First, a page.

Maximizing these opportunities will not only bring in state income, but benefits are thought to trickle down by creating jobs, for instance. In addition, the Global Heritage Fund (GHF) told Fanack that if well managed, tourism can also help protect historic sites and provide the economic support that local businesses need.

“Increased tourism can be a double-edged sword for historic sites,” said GHF, an organization that supports communities with capacity-building programmes and local initiatives that it says balances site protection with modern visitor interests.

GHF gave the example of Morocco’s communal granaries, some of which are still in use and which one travel writer described as some of the most attractive in North Africa.

“Whether they are in use by communities or not, they have the potential to draw tourists to remote areas outside of the well-known destinations — but they are in need of urgent rehabilitation,” explained GHF. “If we let them collapse, the granaries will no longer attract travellers, which affects the much-needed tourism incomes some communities depend on.”

Aside from the benefits of tourism, particularly sustainable tourism, GHF points out that mismanaged tourism can lead to damage, both physically at sites and also to cultural values and tradition for which travellers must take responsibility as well as to reduce any negative impact. Ways in which they can do this include planning trips out of peak season or heading to more destinations off the beaten path.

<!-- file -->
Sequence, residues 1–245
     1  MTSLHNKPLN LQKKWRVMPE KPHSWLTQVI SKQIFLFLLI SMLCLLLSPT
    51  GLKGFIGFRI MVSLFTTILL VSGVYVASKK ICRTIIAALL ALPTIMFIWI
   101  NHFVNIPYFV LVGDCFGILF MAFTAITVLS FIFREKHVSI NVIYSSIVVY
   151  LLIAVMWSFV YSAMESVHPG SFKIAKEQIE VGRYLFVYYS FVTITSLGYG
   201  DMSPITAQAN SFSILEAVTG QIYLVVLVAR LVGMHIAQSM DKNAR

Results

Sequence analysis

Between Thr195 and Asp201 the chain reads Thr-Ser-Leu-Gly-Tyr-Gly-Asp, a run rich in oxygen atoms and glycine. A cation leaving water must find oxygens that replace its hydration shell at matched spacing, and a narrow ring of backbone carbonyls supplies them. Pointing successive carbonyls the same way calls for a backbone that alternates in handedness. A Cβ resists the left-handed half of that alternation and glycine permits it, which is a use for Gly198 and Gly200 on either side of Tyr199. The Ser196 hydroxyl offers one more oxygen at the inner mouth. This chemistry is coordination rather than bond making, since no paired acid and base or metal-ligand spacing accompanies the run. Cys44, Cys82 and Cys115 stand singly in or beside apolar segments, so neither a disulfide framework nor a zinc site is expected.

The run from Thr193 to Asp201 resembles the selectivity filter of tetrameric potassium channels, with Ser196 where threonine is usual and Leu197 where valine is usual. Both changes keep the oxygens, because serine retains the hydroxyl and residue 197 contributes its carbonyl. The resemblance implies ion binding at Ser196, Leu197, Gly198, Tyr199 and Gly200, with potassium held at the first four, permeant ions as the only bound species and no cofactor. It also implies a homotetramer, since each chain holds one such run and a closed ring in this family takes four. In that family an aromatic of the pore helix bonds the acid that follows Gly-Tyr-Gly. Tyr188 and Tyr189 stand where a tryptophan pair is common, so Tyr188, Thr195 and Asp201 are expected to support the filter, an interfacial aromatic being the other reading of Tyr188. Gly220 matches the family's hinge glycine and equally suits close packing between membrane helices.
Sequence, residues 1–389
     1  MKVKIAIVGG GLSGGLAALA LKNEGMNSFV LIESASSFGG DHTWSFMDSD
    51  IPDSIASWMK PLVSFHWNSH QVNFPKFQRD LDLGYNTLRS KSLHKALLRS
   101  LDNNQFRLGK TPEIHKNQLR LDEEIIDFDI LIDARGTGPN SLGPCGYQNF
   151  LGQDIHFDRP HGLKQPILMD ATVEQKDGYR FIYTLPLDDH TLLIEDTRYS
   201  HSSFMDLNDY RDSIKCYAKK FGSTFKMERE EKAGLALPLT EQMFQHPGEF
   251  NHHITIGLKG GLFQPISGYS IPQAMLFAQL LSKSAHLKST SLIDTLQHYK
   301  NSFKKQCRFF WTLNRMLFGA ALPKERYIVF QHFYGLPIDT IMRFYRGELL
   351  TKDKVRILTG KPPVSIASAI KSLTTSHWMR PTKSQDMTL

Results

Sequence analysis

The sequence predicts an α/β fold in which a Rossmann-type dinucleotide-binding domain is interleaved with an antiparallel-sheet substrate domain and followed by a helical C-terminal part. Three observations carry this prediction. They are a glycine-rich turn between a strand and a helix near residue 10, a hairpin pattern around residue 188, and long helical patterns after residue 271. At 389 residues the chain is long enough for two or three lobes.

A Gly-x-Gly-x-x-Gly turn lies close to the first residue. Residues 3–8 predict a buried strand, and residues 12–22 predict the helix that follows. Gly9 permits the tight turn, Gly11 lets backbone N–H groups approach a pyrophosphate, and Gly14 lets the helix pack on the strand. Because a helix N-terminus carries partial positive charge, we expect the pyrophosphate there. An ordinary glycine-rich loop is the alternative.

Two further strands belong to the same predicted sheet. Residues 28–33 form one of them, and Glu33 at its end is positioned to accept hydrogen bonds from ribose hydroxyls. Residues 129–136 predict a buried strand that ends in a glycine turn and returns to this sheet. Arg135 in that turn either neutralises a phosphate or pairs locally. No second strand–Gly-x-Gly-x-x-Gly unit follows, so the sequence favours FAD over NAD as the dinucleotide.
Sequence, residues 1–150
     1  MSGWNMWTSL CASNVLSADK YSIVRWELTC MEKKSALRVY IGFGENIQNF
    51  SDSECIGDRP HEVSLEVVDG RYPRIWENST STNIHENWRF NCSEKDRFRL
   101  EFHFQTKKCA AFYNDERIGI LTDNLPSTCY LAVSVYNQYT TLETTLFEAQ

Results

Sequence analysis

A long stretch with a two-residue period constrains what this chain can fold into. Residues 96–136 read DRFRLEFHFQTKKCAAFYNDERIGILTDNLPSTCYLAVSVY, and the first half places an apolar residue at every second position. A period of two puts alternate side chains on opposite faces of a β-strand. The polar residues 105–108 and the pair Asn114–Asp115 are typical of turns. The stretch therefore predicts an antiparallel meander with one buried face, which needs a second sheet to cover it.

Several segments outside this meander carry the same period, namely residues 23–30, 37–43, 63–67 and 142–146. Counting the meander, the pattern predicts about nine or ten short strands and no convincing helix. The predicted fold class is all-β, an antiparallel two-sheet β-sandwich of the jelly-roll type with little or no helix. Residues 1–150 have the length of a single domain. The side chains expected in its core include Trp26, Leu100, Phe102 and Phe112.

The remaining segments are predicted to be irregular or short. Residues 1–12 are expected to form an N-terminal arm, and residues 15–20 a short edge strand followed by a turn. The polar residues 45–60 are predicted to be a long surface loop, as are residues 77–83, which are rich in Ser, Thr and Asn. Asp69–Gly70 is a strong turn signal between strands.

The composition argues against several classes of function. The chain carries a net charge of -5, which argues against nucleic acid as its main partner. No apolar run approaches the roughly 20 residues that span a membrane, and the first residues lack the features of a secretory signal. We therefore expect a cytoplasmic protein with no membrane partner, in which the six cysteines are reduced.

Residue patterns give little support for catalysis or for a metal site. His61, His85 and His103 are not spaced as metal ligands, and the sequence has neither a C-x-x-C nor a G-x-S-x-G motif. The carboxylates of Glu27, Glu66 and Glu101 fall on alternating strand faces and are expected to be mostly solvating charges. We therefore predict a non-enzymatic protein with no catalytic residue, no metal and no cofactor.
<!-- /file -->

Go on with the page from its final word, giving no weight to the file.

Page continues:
“It is also more enriching since travellers are not just ticking a box; rather, they are discovering the world in a way that is authentically connected to people and cultures,” said GHF.

The economic promise of tourism has also affected security as police crack down on criminality. For instance, in December 2018, the murder of two tourists who were climbing Mount Toubkal prompted law enforcement to ramp up operations in the area that had seen increasing numbers of tourists and hikers enjoying the mountain’s trails. Tourist police now patrol popular areas, checking ID cards, arresting Moroccans for public drunkenness, theft, begging and working without a guide licence.

The other downside of the tourism boom is the gentrification of neighbourhoods, specifically fuelled by rising visitor numbers and foreign investment. As OBG reported, riads – traditional houses built round an internal garden – are among the most popular forms of tourist accommodation, accounting for 51 per cent of accommodation listings in 2015, but they are being increasingly bought by European investors. Some riads are advertised on Airbnb, although Moroccan authorities are cracking down on global online accommodation portals like the homestay listing site and by levying taxes against them in an effort to protect local businesses and markets.

As long as Moroccan entities charged with the oversight of tourism development exercise responsibility and manage the potential pitfalls that foreign visitors and investment can bring, the country could be setting the stage for a more prominent spot in the world travel charts.